October 16, 2013 9:56 am

How bacon and sausages are changing your sperm quality

Researchers out of Harvard’s School of Public Health say that eating even a single piece of bacon or sausage each day can damage a man’s fertility.

(Scott Barbour/Getty Images)

TORONTO — It’s been villainized  for harming cardiovascular health, but now a new study is suggesting bacon is also to blame for hurting male fertility.

Researchers out of Harvard’s School of Public Health say that eating even a single piece of certain processed meats like bacon or sausage each day can damage a man’s fertility.  Sorry, fellas.

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But if you’re in the business of baby-making, the study points to swapping your bacon breakfasts for fish like cod or halibut to keep sperm count strong and healthy.

Read more: Two components of red meat increase risk of bladder cancer, American researchers say

“We found the effect of processed meat intake lowered quality and fish raised quality,” lead researcher Dr. Myriam Afeiche told the Daily Telegraph in the U.K.

Her complete findings were published by the American Society of Reproductive Medicine. Read the full study here.

The study was based on 156 men in relationships. The couples were all patients at the Massachusetts General Hospital Fertility Center to undergo in vitro fertilization treatments.

Read more: Red meat eaten daily increases risk of early death, study says

The researchers studied the men’s diets along with the size and shape of their sperm. Turns out, men who regularly ate processed meats — bacon, sausages, hamburgers and ham — had less healthy sperm.

Read more: Red meat eaten daily increases risk of early death, study says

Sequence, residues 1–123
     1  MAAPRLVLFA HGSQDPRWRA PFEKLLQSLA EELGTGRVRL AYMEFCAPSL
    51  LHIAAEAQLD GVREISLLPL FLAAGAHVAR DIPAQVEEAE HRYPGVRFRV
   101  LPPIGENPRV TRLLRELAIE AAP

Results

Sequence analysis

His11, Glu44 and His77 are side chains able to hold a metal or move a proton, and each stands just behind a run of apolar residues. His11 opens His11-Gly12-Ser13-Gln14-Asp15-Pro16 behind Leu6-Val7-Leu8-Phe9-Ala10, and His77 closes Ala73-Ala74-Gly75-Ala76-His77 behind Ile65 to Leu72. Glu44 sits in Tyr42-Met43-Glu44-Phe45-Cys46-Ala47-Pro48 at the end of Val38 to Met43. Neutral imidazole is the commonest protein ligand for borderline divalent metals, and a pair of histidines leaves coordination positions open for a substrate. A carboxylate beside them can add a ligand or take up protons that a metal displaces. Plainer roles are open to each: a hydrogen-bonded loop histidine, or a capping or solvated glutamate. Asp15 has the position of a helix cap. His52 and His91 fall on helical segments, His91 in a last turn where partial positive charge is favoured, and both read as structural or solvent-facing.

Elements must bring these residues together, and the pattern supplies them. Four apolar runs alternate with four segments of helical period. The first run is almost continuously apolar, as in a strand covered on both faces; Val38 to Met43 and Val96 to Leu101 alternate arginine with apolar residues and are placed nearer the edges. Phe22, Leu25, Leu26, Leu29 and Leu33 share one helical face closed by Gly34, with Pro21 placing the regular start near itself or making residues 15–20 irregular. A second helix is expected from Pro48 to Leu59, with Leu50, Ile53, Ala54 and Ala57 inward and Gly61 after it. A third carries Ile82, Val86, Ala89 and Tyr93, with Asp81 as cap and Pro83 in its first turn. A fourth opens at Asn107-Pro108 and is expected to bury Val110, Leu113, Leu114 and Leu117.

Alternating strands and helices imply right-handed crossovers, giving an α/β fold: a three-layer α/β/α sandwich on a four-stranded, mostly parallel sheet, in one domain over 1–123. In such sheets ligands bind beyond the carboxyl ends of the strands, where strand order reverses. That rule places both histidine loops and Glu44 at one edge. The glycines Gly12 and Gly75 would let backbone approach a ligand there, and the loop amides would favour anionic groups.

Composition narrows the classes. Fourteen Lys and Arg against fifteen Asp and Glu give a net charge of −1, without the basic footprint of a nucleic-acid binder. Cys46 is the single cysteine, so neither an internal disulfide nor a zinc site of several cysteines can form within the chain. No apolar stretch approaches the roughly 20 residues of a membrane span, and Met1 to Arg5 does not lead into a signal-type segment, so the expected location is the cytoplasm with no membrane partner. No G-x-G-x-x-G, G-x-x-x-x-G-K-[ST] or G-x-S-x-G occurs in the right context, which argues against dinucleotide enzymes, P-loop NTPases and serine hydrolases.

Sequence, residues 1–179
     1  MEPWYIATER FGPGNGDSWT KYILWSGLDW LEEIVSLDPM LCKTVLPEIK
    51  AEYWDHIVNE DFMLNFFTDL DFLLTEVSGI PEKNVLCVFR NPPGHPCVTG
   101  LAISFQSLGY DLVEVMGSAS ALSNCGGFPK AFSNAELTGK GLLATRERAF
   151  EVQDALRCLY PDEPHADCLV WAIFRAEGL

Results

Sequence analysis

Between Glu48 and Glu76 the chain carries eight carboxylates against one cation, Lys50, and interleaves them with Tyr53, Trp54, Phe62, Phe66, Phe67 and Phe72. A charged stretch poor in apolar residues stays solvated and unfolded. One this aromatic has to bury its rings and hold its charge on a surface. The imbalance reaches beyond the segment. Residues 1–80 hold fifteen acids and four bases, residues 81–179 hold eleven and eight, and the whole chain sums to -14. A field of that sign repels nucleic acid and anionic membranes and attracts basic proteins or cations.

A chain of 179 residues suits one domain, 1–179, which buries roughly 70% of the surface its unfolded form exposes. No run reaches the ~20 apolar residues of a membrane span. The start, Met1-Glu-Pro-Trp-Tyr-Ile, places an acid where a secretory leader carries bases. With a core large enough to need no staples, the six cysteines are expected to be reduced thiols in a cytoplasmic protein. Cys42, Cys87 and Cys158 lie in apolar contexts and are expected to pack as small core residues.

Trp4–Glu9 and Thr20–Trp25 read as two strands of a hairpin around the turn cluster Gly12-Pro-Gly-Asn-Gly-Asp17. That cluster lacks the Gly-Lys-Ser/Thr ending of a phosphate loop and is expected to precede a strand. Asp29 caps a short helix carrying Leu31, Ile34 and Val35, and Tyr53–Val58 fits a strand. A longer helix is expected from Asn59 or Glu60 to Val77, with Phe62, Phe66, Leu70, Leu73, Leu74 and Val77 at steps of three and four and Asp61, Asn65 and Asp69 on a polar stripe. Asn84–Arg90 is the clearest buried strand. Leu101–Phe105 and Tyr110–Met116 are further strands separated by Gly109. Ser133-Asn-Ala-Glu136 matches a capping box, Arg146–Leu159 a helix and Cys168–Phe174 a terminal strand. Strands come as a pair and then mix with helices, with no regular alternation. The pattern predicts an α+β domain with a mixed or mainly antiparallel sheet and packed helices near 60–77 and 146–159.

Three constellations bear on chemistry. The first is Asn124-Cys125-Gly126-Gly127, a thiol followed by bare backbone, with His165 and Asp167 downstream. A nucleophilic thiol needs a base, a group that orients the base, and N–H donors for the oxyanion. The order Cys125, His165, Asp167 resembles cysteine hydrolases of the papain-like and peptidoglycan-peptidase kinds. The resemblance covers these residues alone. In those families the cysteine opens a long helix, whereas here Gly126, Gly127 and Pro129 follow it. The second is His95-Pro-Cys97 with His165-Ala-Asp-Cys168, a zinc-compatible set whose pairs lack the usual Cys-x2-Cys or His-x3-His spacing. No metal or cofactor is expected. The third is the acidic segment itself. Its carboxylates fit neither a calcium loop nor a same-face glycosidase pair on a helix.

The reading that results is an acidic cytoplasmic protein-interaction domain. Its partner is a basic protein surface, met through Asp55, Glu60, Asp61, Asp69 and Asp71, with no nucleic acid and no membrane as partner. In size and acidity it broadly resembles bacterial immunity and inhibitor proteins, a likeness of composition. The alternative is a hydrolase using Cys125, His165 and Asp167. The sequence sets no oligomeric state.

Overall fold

But those who ate less than a slice of bacon a day had about 30 per cent more normal sperm compared to their bacon-eating counterparts. Then there are the men who ate white fish every other day — they also fared better.

The British Fertility Society was quick to offer some caution about the findings.

Dr. Allan Pacey, chairman of the BFS, told the Daily Mail newspaper that the study is small and it’s hard to accurately measure sperm size in the laboratory.

“The relationship between diet and men’s fertility is an interesting one and there is certainly now convincing evidence that men who eat more fresh fruit and vegetables have better sperm than men who don’t,” he said.

Afeiche said it’s unclear why certain foods might negatively affect sperm quality.

Read more: Is iron in steak to blame for risk of Alzheimer’s? Study suggests excess red meat bad for the brain

This isn’t the first study done by Harvard looking at male infertility. Earlier this year, the East Coast researchers alleged that young men who kill time watching TV on the couch may also be hurting their sperm count.

The recent research is also one in a library of studies pointing to the dangers of eating red meat.

carmen.chai@globalnews.ca

© Shaw Media, 2013

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